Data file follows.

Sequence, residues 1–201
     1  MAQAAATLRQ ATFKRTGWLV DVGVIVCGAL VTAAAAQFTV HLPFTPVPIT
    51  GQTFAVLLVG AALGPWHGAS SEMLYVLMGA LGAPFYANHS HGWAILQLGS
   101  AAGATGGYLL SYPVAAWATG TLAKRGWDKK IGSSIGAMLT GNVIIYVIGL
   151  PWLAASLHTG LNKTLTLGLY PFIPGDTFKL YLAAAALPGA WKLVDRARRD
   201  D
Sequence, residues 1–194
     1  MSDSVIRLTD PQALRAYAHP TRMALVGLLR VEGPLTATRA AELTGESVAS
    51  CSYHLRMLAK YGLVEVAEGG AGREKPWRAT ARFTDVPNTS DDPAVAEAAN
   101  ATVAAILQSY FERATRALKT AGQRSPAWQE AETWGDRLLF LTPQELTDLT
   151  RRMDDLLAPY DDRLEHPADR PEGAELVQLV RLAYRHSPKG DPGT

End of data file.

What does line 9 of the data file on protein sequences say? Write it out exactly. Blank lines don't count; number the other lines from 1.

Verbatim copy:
    51  CSYHLRMLAK YGLVEVAEGG AGREKPWRAT ARFTDVPNTS DDPAVAEAAN